Another big technology shift is AI. For Mark specifically, he is watching Microsoft closely with its notion of co-pilots. "There's always been the possibility of using algorithmic composition to seed musical ideas, but to have someone beside you to help guide your process is interesting," he says. For RCP, which has its own large datasets for orchestra content and libraries, analyzing that with the help of artificial intelligence and finding different ways to use machine learning as a form of data compression is the first application that comes to Mark's mind. But more than that, RCP can also build prediction models for how sound can be played back.
"Creative people always see technology as the villain because the human ego naturally wants to make itself the center of creativity. The musicians who will succeed in the future will be those who accept a more Copernican view of collaboration."
At the same time, Mark is a big fan of spatial audio and has done a lot of work with Dolby Atmos, including mixing the soundtrack album for No Time to Die in this format. Still, it all circles back to the commercial nature of distribution formats and, the way he sees it, the reality that there isn't really a market for that on a musical level. "It's one of those great disappointments since there's no financial incentive. From a record label's point of view, a stream is a stream is a stream, and it doesn't matter if it's spatial or not," Wherry elucidates. "There isn't much commercial value right now because, sadly, not enough listeners are going to notice and care in terms of a standalone experience."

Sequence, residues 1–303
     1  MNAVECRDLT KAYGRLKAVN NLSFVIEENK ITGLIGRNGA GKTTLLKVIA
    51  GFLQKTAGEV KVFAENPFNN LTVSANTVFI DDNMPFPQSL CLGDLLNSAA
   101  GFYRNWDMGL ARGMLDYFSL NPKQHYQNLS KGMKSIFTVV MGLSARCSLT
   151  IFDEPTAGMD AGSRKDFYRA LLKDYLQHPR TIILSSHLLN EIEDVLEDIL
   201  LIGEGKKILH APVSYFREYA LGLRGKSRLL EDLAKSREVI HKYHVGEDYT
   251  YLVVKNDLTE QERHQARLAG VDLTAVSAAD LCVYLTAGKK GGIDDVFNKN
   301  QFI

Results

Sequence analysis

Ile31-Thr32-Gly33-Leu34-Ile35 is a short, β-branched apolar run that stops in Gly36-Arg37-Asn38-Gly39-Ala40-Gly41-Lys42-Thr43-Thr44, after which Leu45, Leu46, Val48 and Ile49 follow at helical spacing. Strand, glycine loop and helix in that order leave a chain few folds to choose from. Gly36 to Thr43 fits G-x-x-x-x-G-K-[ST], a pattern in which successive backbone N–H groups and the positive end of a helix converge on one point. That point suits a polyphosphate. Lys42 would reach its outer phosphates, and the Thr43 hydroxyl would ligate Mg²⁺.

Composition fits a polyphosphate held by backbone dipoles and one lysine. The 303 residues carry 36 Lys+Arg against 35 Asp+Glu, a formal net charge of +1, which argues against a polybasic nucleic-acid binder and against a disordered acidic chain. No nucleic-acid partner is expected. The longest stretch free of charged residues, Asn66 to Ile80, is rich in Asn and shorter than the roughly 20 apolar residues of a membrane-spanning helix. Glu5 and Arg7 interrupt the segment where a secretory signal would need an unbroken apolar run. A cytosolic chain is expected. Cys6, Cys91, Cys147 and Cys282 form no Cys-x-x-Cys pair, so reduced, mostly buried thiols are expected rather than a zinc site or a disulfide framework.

As we continue talking about music technology innovation, he mentions a number of innovative ideas that are taking place now stem back to the 1980s. For instance, back when Next and the Lucasfilm Computer Division were dominating computer music research, one of the researchers had the idea of creating a tool where composers could prototype the way a score sounds on a computer and hear it all played back digitally. "If you go back to those research papers, there were a lot of ideas created that were ahead of their time. The idea of prototyping scores in film production is now commonplace, of course, but other concepts were just left on the table," the music technology director opines. There is a lot of innovation to come – musicians just have to be more open-minded about it.